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Ballistic Overlap...

2584 Views 12 Replies 5 Participants Last post by  jimhigginbotham
Hello. A while back I noticed .45 GAP making its debut into the shooting world. Having chronographed bullets in flight from various handguns in different calibers and action types, I noticed very similar characteristics to the degree that there is more than a little overlapping in performance.

For example:

Browning 9mm Hi Power:
Corbon 125-gr. JHP +P
Average Velocity: 1312 ft/sec

S&W Model 28 .357 Magnum w/6" bbl:
Federal 125-gr. JHP
Average Velocity: 1358 ft/sec

The .357 beats the 9mm, but also has a bit longer barrel.

From a 6" bbl FN Hi Power Competition, I got 1348 ft/sec from the Triton 125-gr. JHP +P, which is darned near the same velocity.

S&W Model 58 .41 Magnum w/4" bbl:
Corbon 170-gr. JHP
AVerage Velocity: 1333 ft/sec

Colt 10mm Delta Elite w/5" bbl:
Winchester 175-gr. STHP
Average Velocity: 1288 ft/sec

These two are pretty near equivalent on the receiving end, I'd think.

Comparisons can go on and on, but I sort of think we have
enough different cartridges to choose from. (Of course, with that thinking nothing new and maybe better would come along, but at the same time it appears to me that we're just duplicating terminal ballistics from different "packages."

I can understand the desirability of perhaps ballistically equivalent rounds that are physically smaller for use in a wider variety of handguns, but other than that, it appears to me that the bases are pretty well covered.

What do you think?

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Mr. Camp,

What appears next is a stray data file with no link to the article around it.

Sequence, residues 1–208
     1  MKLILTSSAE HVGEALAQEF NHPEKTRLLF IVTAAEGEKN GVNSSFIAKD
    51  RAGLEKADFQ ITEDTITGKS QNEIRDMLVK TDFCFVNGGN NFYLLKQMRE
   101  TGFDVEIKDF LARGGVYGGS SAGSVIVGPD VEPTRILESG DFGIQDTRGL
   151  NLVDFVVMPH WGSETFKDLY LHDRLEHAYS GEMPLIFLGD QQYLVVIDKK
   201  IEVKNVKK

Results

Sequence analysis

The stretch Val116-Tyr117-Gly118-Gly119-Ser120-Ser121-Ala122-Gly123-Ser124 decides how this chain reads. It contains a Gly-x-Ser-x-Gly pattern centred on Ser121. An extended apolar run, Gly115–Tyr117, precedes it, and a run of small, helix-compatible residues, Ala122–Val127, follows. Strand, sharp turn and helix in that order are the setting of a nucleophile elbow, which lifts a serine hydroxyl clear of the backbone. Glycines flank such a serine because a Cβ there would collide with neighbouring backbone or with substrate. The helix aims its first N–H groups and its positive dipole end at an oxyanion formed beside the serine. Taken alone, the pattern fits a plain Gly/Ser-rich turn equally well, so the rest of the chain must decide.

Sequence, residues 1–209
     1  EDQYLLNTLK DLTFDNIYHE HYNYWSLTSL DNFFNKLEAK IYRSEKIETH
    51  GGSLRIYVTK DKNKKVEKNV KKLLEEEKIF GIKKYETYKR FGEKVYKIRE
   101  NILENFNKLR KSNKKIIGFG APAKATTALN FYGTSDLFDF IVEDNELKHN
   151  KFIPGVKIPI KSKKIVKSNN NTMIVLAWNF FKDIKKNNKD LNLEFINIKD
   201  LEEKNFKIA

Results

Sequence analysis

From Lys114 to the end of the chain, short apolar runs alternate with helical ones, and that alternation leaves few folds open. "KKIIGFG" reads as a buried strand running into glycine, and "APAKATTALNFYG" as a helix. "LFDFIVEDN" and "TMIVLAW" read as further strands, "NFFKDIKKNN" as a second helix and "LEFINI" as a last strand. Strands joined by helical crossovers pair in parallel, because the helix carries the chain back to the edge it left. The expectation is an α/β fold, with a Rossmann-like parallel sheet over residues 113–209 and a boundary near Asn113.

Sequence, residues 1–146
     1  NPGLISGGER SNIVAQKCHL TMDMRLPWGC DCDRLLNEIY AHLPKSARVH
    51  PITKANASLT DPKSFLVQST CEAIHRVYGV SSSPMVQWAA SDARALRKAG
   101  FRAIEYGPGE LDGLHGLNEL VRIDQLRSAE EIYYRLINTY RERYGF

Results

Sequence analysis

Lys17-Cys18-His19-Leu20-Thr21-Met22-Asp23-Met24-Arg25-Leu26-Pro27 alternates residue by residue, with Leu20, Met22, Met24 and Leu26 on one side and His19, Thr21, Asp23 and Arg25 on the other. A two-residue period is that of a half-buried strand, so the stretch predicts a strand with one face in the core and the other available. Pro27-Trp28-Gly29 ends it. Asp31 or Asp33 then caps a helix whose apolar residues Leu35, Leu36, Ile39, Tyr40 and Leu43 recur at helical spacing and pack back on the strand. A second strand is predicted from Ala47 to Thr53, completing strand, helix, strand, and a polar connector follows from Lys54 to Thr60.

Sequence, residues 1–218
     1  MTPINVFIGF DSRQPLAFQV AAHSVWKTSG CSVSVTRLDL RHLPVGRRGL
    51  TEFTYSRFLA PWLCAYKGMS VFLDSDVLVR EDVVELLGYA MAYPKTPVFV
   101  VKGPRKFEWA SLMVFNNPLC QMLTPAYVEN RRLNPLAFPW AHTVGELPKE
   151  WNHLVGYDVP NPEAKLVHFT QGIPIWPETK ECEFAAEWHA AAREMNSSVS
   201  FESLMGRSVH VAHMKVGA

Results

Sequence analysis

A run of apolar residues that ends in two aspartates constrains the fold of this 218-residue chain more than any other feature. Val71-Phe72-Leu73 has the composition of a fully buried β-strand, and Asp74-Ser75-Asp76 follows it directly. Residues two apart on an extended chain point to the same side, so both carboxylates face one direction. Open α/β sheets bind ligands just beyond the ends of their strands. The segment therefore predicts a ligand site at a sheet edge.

I've told people in the past that the loads I carry in my 9mm are, for all intents and purposes, the same as a .357mag, but I have almost 3x the capacity.

I go on to say that the .357mag is more versatile, but for defensive use, I find no real difference.

Since people tend to respect the .357mag and look down upon the 9mm I use this as an illustration to my theme: Pick something .38spl or above and be happy.

Above .38spl it's just so much nitpicking (fun though it is

Josh <><
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I'm with you 110% on this subject, this is kinda one of the reason's that I have NOT yet got that .38 Super that I was talking about not to long ago, Plus, I don't want to add another caliber that don't really offer much more power than what I already have, especially a expensive one to shoot... But, Dang-It, I don't know how long I'll be able to resist that .38 Super, the funny thing about it thow, if it wasn't in a 1911, I would have never even looked at it twice!

I'm sorry if I drifted from the topic, but this was the only way to express myself with-out just saying, make mine 9mm, .45ACP, .38 Special, .357 Mag. & all my .40S&W's that I'm still kinda leary of.